Budget Updates: 2019-20 1st Interim Report & Revisions Needed for Next Year’s Budget to Avoid Mid-Year Cuts

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Note: If this meeting is “willfully interrupted, the Board may move to the Committee Room as soon as practicable and resume the meeting. If the Board moves to the Committee Room, it will allow public comment–as necessary and if feasible–from the Great Room.” 

Item #19-2344 and Item #19-2253

Today, the district will be presenting its annual first interim report the 2019-20 school year to share the status of their budget as of October 31, 2019:

Revenues and Expenses: When we look at the changes made to the unrestricted funds–money that the district has the most flexibility in allocating–from the revised budget and the projected year totals, we see very minimal changes to revenue (+$83K) and expenditures (+$6.7M). For restricted funds – money that the district can only use in limited ways – we see increases in both revenues and expenditures due largely to carryover funds from last year.

Slide 4

Reserve: The district is not expecting any mid-year budget reductions this school year and will still maintain a 3% reserve (emergency funds). 

Long-Term Outlook: When looking at their multi-year projections, we see that the district’s expenses will continue to exceed their revenues for the next three school years (see slide 9), largely due to state funds not keeping up with the district’s necessary expenditures (i.e. rising pension costs and minimal increase in LCFF). To stay solvent and maintain a 3% reserve in the coming school years, the district must consider cutting $15.5M from the 2020-21 school budget and another $10.5M from the 2021-22 budget (see slide 10). Note: This calculation takes into account using up their unassigned funds to pay for the expenditures. 

We are encouraged to see that the district is committed to maintaining its 3% reserve intact in case a short-term emergency happens and that they don’t plan on making any painful mid-year budget cuts this school year. At the same time, we are worried that additional cuts need to be made over the next couple of years, largely due to not being able to keep up with rising expenditures. We hope that we can find a way to work together locally and state-wide to figure out how we can generate additional revenue for our underfunded schools.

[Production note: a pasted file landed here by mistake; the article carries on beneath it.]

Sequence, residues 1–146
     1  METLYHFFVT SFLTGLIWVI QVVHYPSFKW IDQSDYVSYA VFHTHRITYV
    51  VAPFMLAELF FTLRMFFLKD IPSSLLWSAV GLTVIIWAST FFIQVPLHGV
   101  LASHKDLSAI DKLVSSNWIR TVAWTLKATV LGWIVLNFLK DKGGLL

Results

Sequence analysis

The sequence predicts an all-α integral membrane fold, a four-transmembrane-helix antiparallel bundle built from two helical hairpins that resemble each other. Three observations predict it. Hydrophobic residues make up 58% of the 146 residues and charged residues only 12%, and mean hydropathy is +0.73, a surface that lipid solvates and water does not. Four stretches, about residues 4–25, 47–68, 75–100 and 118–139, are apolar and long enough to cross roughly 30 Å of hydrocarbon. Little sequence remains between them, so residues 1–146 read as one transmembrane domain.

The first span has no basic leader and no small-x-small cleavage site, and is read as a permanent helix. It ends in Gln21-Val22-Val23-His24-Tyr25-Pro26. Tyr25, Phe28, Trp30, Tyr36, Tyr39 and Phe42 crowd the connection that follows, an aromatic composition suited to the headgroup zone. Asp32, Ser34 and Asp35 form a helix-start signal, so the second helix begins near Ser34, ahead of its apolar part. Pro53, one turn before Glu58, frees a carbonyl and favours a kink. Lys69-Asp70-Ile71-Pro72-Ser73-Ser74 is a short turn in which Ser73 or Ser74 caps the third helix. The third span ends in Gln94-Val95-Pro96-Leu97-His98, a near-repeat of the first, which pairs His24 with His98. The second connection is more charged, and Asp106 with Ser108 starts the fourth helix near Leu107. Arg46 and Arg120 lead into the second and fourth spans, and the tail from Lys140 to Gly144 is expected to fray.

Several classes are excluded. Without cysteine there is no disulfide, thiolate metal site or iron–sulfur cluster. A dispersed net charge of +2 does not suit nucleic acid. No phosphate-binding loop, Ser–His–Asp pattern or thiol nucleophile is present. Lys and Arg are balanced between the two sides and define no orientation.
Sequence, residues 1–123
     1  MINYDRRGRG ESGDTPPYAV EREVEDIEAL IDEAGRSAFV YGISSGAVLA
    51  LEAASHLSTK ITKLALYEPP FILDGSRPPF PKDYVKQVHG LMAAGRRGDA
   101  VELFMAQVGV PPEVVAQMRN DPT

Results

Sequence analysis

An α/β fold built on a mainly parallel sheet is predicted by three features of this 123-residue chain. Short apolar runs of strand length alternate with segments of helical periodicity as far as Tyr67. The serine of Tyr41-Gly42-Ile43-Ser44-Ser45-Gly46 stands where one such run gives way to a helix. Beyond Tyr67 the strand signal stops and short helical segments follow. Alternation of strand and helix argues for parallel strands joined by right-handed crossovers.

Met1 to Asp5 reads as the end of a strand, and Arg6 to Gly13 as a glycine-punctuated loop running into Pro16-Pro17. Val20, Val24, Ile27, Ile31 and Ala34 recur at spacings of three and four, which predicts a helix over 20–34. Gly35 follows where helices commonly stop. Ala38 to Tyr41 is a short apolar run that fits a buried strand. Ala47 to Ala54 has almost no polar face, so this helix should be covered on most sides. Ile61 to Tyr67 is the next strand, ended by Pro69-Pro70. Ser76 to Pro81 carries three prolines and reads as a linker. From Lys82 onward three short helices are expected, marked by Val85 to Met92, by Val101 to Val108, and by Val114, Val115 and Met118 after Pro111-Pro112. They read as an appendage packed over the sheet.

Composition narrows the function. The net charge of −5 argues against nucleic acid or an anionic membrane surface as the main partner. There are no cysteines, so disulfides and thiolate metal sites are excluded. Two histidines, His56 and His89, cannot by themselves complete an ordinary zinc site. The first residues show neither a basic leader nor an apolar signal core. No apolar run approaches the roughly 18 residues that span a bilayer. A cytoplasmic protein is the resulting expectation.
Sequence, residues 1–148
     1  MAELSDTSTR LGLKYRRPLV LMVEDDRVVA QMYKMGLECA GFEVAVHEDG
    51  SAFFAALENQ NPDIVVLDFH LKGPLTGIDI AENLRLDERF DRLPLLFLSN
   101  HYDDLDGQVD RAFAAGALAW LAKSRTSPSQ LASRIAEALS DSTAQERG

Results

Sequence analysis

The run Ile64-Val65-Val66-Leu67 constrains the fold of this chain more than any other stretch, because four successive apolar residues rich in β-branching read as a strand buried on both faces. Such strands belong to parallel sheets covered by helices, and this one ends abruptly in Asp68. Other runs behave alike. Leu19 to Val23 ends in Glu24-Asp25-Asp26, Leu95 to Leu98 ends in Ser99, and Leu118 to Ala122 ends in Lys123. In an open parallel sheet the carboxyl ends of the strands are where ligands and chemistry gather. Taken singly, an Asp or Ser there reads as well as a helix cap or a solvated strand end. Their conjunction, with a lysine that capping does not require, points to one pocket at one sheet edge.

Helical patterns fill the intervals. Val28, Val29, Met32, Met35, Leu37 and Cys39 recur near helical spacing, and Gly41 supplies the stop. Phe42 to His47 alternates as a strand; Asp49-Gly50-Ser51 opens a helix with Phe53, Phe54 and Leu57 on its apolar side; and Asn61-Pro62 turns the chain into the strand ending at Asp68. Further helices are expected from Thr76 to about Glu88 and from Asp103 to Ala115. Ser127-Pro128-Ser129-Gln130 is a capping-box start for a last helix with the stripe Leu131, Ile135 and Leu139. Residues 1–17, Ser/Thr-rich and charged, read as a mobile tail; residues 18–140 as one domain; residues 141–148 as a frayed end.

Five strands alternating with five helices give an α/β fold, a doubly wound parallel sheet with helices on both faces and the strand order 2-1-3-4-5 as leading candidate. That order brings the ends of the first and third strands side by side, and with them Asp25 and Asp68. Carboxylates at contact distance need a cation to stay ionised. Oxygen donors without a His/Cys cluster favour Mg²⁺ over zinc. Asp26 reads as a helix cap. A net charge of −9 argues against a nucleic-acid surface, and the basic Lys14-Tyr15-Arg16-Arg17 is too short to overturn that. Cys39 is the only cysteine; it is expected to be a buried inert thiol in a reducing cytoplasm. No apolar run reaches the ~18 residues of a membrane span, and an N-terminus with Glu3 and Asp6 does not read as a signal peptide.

Item #19-2517

Tonight the district will be presenting and discussing the first draft of the 2020 Facilities Masterplan, which describes the process that district will use to determine a set of building and renovation projects that a district will pursue to ensure students have safe and quality spaces that allow students to learn. Projects can include modernizing aging campuses, building and/or fixing athletic facilities (fields), and having fully accessible facilities for SPED programs across the entire district.

The 2020 OUSD Facilities Masterplan:

  • incorporates work from previous data sources, numerous initiatives, and engagements that have been pursued as part of the Citywide Plan and carries forward areas of the Plan that have a facility component (i.e. enrollment trends, program trends, and local trends). 
  • provides direction for significant capital expenditures (~%3 billion) for facilities improvements over the next ten years and is a critical step for obtaining state and local funding to support these projects. 
  •  is an important tool in ensuring that the District can accommodate OUSD program-level priorities with practical bricks-and-mortar solutions over the ten-year planning horizon. 

The board will be discussing the overall direction of the plan, including the table of contents, narrative clarity, process clarity, presentation of quantitative insights, and proposed project categories. Critical comments will be used to revise this version of the masterplan, which will then be presented to the larger community in January and February 2020 for input before the final plan is approved by the board.

Last year, the 1Oakland campaign made recommendations on how to approach the facilities aspect of the Citywide Plan. We believe that all areas of the city-wide plan should be considered when making facility decisions that ultimately impact all students in Oakland, including the charter schools community. We cannot make decisions in isolation and hope that the district is able to share a comprehensive plan that has a clear decision-making process on determining the future of our facilities. 

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